China Only Yesterday, 1850-1950: A Century of Change

By Emily Hahn | Go to book overview

Chapter Twenty-one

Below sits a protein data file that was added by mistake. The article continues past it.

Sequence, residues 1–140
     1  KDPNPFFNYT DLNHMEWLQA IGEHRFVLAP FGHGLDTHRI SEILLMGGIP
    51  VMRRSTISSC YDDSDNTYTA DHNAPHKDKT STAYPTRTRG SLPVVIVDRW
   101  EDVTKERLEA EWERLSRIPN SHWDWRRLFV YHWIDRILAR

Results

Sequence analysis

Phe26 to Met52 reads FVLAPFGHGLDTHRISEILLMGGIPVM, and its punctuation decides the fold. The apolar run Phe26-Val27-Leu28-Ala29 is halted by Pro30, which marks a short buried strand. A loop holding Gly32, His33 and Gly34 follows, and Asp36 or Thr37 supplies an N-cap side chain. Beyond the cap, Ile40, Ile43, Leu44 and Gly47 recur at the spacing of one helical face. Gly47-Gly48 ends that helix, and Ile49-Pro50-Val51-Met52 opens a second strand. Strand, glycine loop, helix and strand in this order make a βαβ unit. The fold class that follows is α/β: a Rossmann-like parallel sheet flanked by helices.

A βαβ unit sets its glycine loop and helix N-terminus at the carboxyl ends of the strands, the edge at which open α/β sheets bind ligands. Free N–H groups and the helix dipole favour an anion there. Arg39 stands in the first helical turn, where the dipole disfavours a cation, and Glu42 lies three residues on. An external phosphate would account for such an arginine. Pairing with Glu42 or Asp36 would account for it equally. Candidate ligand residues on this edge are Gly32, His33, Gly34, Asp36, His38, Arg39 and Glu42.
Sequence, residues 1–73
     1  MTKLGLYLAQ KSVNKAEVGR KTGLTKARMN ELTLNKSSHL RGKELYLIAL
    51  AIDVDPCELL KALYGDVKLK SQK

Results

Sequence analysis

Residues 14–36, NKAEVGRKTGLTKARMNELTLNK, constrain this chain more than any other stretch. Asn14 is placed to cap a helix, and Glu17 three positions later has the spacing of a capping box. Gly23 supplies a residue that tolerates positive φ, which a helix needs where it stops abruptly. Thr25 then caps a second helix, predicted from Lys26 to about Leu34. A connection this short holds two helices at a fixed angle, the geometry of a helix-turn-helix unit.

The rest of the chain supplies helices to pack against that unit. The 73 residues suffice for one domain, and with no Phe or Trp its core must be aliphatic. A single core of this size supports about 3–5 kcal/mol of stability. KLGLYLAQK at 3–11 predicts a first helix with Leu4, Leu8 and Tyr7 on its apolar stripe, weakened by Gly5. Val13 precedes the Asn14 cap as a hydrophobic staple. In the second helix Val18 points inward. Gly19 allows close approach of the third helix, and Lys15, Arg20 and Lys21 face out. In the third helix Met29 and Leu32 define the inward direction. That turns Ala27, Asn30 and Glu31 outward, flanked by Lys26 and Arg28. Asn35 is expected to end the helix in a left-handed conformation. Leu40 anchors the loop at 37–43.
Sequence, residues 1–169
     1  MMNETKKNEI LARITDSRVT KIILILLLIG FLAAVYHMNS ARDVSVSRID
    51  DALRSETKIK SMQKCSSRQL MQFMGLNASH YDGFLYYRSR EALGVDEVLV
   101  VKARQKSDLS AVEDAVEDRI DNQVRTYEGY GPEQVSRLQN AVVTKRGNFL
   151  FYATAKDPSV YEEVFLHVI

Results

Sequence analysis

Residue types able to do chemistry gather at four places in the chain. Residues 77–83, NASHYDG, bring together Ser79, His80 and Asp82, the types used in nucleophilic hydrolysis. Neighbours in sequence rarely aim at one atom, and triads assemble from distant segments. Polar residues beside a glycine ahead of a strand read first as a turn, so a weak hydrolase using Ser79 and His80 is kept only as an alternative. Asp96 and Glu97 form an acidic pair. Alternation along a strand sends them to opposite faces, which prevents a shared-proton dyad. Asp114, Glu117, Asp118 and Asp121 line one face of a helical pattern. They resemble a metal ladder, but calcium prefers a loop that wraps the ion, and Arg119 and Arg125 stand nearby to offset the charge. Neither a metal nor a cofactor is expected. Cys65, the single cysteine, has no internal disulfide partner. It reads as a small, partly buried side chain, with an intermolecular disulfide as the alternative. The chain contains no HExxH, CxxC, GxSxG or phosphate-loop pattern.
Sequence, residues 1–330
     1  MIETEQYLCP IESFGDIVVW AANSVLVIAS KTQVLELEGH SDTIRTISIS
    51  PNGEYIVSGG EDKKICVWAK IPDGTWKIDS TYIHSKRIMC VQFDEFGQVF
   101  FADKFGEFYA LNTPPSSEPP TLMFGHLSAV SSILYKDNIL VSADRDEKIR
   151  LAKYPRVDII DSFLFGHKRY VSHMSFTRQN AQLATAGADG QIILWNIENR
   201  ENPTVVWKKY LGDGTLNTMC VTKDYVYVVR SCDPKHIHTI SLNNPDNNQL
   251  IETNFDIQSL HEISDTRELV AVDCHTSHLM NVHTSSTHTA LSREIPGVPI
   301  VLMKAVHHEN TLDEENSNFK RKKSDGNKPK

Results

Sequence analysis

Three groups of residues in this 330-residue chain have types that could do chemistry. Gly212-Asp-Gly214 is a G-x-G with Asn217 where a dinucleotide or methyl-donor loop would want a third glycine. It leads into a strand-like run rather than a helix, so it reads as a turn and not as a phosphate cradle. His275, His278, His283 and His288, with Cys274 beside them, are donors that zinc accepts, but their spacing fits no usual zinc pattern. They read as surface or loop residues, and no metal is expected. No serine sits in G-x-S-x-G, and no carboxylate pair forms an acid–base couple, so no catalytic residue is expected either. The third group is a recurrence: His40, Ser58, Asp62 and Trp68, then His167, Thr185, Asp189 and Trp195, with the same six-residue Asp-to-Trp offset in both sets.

The leaders of the militarist party that dominated the island empire were committed to expansion. Their lack of control over Manchuria had long exasperated them, particularly after Chang Hsueh- liang's new railways began to take revenue away from the main South Manchurian line, and the Young Marshal evaded their attempts to discuss the matter. That summer a fight took place between a few Chinese and Korean farmers in Manchuria; exaggerated reports of the affair resulted in an anti-Chinese riot in Korea in which many Chinese were killed. In August a Japanese army captain, Nakamura, was traveling in Manchuria mysteriously disguised as a teacher, on a Chinese passport. He was carrying, if the Chinese were to be believed, heroin with which he intended to buy information. He was assassinated, and the two countries were still arguing about the incident on the decisive date of September 18, but the explosive spark was a row over a length of railway track near Mukden. The Japanese later claimed that Chinese soldiers were ripping it up and their men tried to prevent it. Whatever the truth might be, the fight gave them the chance they had long wanted; Japanese troops now moved in on the pretext that their nationals must be protected. They arrived with such efficiency that the Young Marshal, ill in bed at the time, was slow to round up his troops and resist. Though after they got started his men fought well, Japan had control of the country before the middle of February. Throughout the hostilities the Japanese maintained the fiction that Manchuria was seeking independence and they were helping her. Each time a region was occupied, they set up a so-called independence committee of puppets, and on March 1 they proclaimed the new state of "Manchukuo," which is Chinese for "Manchuland." As a finishing touch Japan presented to Manchuria as their chief executive none other

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